Attempts to develop autonomous systems for increasingly complex environments and tasks is ongoing in both the terrestrial and space domains. In the terrestrial domain, we have already begun to see the transition of autonomous robotic systems to perform more complex tasks in more complex environments. For example, autonomous robotic manipulators that previously supported simple repetitive tasks in structured environments – such as auto body welding in an assembly line on manufacturing floors – are now being used in more complex environments and with more complex tasks such as the pick-and-package from a pool of candidate items task. In the space domain, there is generally less control over the environment, which leads to unique challenges. The drastic sun and shade scenarios cause complications for the perception system. The fact that the objects and the manipulation platforms are ‘floating’ in zero-G requires decision-making capabilities on how to approach and capture an object. And the limited robotic hardware that can meet the temperature and radiation requirements restrict leveraging autonomous systems implemented in the terrestrial domain.  

 

What will autonomous systems mean to the space industry in the coming decade?

Autonomous robotic systems are an enabling technology for the space industry. Autonomous robotic systems will enable in-space servicing, assembly, and manufacturing, which will drive down the cost of maintaining payloads on orbit as well as enable further human exploration of space. For this to happen, I believe that the space industry will need to become increasingly comfortable with and begin to leverage autonomous systems more in the coming decade. I believe we will first see increasing levels of autonomy demonstrated to service on-orbit assets in low-Earth orbit (LEO) both internal and external to habitats. This will likely be the first step because it is less costly, correct operation is easier to verify, and we already have existing infrastructure such as the ISS and multiple low-cost launch providers that can be leveraged. I believe autonomous robotic systems to support human exploration of space will not be too long after and will take advantage of the autonomy demonstrations in LEO. As we set our sights past LEO to more inhospitable destinations like the proposed Deep Space Gateway (DSG) and the moon, we will need to utilize autonomous robotic systems to establish landing zones, prepare for human arrival, and perform caretaking tasks when humans are not present.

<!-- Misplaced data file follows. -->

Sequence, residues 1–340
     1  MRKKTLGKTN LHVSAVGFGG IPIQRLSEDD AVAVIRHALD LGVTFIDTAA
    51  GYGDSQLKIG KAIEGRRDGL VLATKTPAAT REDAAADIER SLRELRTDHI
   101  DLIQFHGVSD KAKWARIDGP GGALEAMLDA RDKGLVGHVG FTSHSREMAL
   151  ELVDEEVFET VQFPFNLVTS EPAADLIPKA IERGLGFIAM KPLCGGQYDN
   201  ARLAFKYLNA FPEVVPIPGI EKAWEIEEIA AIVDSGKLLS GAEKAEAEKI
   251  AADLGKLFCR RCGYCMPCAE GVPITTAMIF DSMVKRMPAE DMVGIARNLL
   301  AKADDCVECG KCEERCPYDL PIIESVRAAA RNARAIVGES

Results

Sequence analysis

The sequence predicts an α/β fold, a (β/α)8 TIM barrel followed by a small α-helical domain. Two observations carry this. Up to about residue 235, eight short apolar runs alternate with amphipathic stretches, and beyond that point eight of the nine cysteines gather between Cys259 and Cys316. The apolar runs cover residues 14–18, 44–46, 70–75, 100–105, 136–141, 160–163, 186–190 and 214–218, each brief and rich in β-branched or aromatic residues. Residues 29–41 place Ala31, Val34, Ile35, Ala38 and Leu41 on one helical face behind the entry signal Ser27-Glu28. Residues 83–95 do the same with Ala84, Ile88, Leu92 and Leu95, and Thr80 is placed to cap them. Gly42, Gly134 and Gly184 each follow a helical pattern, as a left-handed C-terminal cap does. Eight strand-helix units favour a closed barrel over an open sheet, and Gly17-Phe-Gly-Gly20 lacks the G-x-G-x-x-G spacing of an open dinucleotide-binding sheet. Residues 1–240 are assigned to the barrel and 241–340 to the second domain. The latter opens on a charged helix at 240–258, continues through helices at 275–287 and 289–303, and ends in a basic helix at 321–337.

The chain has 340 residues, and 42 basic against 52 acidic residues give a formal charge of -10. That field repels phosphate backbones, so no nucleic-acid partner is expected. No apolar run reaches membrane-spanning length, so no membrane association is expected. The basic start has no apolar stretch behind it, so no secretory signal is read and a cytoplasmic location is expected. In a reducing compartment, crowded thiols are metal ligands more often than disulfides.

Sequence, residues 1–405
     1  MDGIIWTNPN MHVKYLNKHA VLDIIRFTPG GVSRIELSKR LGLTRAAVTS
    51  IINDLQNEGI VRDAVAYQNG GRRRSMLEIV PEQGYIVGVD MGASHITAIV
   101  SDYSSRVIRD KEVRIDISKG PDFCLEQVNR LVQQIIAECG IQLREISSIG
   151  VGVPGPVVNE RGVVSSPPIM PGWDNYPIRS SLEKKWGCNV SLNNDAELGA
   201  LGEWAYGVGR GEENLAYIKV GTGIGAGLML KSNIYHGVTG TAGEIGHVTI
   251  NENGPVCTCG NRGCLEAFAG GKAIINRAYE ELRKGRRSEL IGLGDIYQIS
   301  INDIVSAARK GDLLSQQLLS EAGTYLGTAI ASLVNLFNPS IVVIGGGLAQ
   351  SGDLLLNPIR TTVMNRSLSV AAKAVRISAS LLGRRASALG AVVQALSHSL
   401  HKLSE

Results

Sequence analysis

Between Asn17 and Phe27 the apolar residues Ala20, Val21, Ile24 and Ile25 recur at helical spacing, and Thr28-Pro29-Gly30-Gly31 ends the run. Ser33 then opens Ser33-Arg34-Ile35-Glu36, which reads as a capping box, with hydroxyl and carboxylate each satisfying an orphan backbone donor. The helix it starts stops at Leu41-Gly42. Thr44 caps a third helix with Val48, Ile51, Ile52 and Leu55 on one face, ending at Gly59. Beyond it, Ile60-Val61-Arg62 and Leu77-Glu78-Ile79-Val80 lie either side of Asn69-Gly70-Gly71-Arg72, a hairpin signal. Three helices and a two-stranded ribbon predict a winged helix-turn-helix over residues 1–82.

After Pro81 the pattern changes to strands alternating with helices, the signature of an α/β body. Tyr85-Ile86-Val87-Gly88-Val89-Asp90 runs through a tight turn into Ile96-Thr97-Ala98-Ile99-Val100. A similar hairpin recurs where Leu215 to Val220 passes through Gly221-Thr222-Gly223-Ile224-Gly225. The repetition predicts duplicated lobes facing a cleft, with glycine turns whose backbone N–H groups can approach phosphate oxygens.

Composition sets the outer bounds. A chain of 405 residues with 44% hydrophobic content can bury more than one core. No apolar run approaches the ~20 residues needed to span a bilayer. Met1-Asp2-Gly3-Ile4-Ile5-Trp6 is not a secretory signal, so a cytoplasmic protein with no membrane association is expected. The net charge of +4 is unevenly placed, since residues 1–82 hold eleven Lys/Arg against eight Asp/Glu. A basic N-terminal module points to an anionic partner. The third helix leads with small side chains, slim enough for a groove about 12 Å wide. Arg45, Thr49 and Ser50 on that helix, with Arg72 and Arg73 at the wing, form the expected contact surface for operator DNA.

In terms of industry news, what development, announcement, or otherwise has stood out most to you in the past year and why?

Over the past year, I have been very excited by the increasing interest in remote robotic capabilities for space applications, such as on commercial space stations like the NanoRacks Outpost Program; on human exploration missions such as the Deep Space Gateway; and for in-space servicing such as on NASA’s Restore-L mission. I am also very encouraged to see organizations like CONFERS being established to help support remote robotic operations in space and define operational standards. 

 

We’re looking forward to seeing you at the Conference at Space Tech Expo. Can you tell us what you’re most looking forward to at the show?

I believe the current infrastructure in LEO and the decreasing launch costs provide excellent opportunities to demonstrate robotic capabilities in space. I am looking forward to talking with others at the conference and exchanging ideas about how to take advantage of this infrastructure to forward robotic operations in space.


 

Want to learn more about autonomous systems and artificial intelligence for our future spacecraft? Make sure to join us at Space Tech Conference on Wednesday May 22, to hear Blaine speak alongside other speakers from University of Southern California, Raytheon, The Aerospace Corporation and NASA Ames Research Center. Make sure to book your pass here!